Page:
Neal, a 19-year old home-schooled student, is currently enrolled in the GED program at the Mason County Career Center, where she will soon earn her certificate.
“It’s hard,” Neal stated. “I began this past fall and math is still difficult for me to pass.”
Having been home-schooled since the eighth grade by her parents David and Kelly Neal, she reflects on her years spent at home, learning the same subjects as her peers enrolled in public schools.
“I really enjoy the freedom of being able to help plan the lessons,” Neal stated. “It’s nice because you don’t always have to be in a classroom setting.”
Kelly Neal added that the two of them often go to museums and local festivals for field trips and educational purposes. And for physical education, Neal takes walks at the park or rollerblades at the Robert C. Byrd Locks and Dam.
“For the first year, we borrowed textbooks from the Mason County Board of Education office,” Kelly Neal said. “That way she could follow along with her sister, Amanda.”
Her mother said that for the second year of her daughter’s home-schooling, they decided to take a different route with a Christian Home-school Program.
“The problem with that program is that the workbooks did not teach SAT testing skills, and Amee needs to take those at the end of each year,” Kelly Neal said.
So the best decision for the Neals was to go back to the textbooks.
The family keeps all of her schoolwork organized by using a planner to keep track of lessons.
“There really is no set schedule,” Kelly Neal said. “We just work on whatever subject she needs to focus on.”
And while community service is not part of Neal’s requirements with the home-school program, she is happy to volunteer her time.
While she is taking a break for the summer and enjoying time with her friends before they head off to college, Neal is doing what she loves the most, drawing and creating art.
This 19-year old is a published illustrator, having won a conservation poster contest at the district level.
“When I won the county level for this poster contest, I was very proud,” Neal said. “Then I was approached to have my work published, and that is now my greatest accomplishment.”
Her drawing is showcased in the conservation book that is distributed to students throughout the state. Neal also is currently discussing with the organization about working on upcoming projects with them, including illustrating their future books.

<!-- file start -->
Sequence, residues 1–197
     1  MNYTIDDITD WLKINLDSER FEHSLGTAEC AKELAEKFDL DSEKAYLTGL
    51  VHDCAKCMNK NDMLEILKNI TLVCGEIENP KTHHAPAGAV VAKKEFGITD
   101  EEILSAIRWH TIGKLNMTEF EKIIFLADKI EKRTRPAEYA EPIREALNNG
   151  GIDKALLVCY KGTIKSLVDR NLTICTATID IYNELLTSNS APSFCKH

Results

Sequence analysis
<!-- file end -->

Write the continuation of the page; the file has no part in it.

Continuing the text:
Neal’s other accomplishments include a collection of ribbons she has received for her artwork. She estimated that she has about 37 blue ribbons, six red and six white ribbons. She also has received ‘Best of Show’ six times at several different events in the area, including the Mason County Fair.
Several other art shows that Neal has been involved in includes the Battle Days Art Show, the Riverboat Art Show at the Point Pleasant River Museum, and Youth Art in the Park, sponsored by the French Art Colony in Gallipolis, Ohio.
Neal stated that she is always looking for shows to enter her drawings depicting her favorite subject, Mango-style drawings. She stated that she also enters crafts at the fair and really enjoys drawing on boxes, that also are entered in contests.
Starting out with a pencil, her materials now consist mostly of Sharpie’s, along with colored pencils. Neal also likes using glitter pens on some projects.
“All I ever wanted to do when I was little was draw,” Neal said. “And that is still what I enjoy most.”
With her winnings, Neal uses the money she receives to buy more art supplies. She says she likes using a lot of colors and looking at pictures to get inspirations for body positions of the characters that she creates on paper.
Her mother said that Amee could just look at a picture and draw what she saw, without tracing.
“I was so proud of Amee in preschool,” Kelly Neal said. “She drew her first pictures of the cross.”
A lifetime member of the Barton Chapel Church, Neal enjoys seeing and spending time with her friends. And even though she doesn’t attend class with them, Neal has had the opportunity to experience her first dance, Hannan High School’s prom, which she attended this year with her friend, Derick Flora.
“I was so happy when I got the call to be asked to prom,” she said. “I was afraid I would miss it like I have missed certain things about high school, such as theatre.”
Neal also attended the HHS graduation to see her friends receive their diplomas, as well as Point Pleasant High School’s graduation, where she cheered on her sister Amanda.
Amee has three sisters: Emalea, Amanda and Kelle Ann, who also are all involved in the arts somehow or other. Emalea is the eldest sibling and attends the University of Rio Grande. Neal said that her sister learns different techniques at college and often comes home to teach her and her other sisters.
Neal’s hobbies include collecting charms and wearing them all at once, and collecting fortune cookies.
“I have nearly 1,000 fortunes collected,” Neal said. “My friends and family give me their fortunes and I write them down in my book. I would like to perhaps be in the Guinness Book of World Records for having the most fortunes collected.”
Neal is currently getting ready for upcoming contents, as well as thinking about her future.
“I haven’t decided about where I want to go, but I would really love to become a writer/illustrator,” Neal said.